Artificial incubation, hand rearing or fostering will not be covered on this web site.  It is too complex and diverse in nature to be attempted here.  Refer "Specific References" as listed below and "General References" listings.                  

Health Issues: Refer "Avian Health Issues" web page for information and references.

  • Worming and parasite control and Quarantine requirements of new birds or sick birds are considered to require veterinary advice and therefore not covered on this web site.  Refer above option - "Avian Health Issues" web page.
  • Avian medicine is advancing at a rapid pace.  Keep updating your knowledge and skills.

Specific References:

"The Australian Canary Handbook".  Authors Jeff Leaney & ?.  Jeff is from the Australian Canary Club.  Hardback.  Published 1990's.  This book was produced to cater for Australian breeders and Australian conditions.  About $40.  May be hard to obtain.

General References:  Refer to references listed on "Book References" web page.

Local libraries usually have a range of books available covering all aspects of Canary care and breeding.  Some libraries have Canary magazines and Canary videos for loan.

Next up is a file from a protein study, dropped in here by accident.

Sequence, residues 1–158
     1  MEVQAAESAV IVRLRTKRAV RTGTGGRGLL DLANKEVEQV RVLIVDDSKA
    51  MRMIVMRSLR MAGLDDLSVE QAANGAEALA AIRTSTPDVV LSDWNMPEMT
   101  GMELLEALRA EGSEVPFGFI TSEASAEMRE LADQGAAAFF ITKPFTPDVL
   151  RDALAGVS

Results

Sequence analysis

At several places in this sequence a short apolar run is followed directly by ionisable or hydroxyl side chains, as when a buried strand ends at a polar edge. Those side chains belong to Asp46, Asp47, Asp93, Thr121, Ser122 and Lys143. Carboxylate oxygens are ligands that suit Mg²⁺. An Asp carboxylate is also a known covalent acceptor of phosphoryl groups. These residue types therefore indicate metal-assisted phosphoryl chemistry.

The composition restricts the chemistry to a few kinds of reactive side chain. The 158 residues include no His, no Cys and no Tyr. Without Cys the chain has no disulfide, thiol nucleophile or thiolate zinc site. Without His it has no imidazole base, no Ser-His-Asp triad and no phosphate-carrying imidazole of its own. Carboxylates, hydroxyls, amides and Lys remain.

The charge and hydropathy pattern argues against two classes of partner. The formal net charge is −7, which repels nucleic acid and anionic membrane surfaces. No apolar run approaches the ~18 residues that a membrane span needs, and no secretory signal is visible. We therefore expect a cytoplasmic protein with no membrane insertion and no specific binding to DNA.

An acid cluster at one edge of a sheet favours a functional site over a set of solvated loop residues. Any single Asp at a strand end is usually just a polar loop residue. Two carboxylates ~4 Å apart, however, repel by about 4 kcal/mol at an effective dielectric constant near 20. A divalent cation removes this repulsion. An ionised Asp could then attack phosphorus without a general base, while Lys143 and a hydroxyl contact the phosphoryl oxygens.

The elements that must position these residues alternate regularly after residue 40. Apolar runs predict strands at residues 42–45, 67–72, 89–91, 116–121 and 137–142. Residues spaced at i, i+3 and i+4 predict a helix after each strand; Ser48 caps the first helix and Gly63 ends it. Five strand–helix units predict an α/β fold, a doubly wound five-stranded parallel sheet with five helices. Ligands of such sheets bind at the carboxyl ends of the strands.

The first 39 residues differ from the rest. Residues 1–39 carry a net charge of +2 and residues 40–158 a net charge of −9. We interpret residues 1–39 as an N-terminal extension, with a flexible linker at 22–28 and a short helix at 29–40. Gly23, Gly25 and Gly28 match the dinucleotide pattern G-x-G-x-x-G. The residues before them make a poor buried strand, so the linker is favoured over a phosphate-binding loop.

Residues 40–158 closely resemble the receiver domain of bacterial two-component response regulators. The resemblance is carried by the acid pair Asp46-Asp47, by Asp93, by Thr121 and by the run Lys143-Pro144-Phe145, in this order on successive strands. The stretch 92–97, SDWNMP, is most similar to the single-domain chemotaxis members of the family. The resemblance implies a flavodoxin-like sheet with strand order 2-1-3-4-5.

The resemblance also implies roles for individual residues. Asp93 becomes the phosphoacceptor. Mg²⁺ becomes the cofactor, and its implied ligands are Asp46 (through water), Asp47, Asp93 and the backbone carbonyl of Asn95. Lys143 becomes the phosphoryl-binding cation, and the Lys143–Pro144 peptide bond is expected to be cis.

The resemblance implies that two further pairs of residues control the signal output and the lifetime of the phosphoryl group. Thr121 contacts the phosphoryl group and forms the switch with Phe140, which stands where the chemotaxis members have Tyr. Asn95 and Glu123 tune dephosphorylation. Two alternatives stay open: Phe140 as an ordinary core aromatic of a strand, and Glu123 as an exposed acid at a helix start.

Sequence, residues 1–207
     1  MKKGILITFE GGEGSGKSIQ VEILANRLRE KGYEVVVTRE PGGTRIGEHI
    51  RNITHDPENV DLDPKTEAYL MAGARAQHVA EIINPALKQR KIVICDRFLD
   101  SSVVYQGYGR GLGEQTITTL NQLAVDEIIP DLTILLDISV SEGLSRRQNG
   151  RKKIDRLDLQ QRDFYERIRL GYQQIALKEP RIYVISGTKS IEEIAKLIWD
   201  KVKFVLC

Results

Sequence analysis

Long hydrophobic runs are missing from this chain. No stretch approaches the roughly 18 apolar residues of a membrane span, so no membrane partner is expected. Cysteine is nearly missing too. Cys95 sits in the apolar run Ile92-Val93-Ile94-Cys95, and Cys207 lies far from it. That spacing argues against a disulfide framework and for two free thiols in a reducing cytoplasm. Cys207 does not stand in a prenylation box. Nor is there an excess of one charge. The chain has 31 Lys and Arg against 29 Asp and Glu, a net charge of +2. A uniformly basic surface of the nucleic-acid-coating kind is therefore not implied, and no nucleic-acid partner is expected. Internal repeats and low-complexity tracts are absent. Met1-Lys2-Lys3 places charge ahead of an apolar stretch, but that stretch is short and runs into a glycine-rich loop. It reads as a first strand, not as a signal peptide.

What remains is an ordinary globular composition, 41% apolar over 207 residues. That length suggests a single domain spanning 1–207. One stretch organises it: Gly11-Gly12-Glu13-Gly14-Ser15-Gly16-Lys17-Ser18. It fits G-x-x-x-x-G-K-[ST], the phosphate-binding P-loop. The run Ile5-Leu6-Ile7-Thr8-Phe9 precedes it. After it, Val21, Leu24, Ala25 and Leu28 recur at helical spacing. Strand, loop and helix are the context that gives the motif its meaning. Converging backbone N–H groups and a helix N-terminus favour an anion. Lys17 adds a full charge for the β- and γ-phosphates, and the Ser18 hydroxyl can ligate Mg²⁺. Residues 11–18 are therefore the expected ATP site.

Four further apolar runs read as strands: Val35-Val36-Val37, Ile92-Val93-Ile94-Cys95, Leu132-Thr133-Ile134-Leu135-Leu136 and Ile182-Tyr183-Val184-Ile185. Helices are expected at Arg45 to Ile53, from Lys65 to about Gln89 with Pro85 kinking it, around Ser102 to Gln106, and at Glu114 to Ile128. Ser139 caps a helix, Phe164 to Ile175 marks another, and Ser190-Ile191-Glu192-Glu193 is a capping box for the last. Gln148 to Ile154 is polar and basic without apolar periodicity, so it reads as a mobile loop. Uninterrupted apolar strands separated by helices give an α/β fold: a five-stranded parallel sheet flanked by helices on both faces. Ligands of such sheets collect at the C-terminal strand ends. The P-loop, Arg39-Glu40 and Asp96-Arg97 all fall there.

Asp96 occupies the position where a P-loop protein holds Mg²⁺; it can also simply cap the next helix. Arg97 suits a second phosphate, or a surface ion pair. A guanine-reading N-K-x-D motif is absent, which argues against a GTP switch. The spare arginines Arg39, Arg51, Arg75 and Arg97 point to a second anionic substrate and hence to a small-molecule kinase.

Most Canary clubs have a library of books, magazines and videos available for loan to members.

Most Avicultural Clubs and Societies have members who breed Canaries and other aviary birds who will share their expertise and have quality birds for sale.

Top of - canary - Page is one of the world's largest and most informative avian or bird web sites.  Copyright 2002 - 2008 inc.  All rights reserved.  Disclaimer:  This web site has been compiled from material provided from a large number of sources.  Personal experience and personal contacts have been used.  Results vary according to factors such as environmental factors, aviary design and the physical and genetic backgrounds of all living birds/animals.  Every endeavour has been made to ensure the accuracy of the material but no responsibility is accepted by  for the accuracy of the material on this web site. The intent of this web site is to provide a "care sheet"  format and provide general material only.  Readers should rely upon their own enquiries in making any decisions relating to their own interests.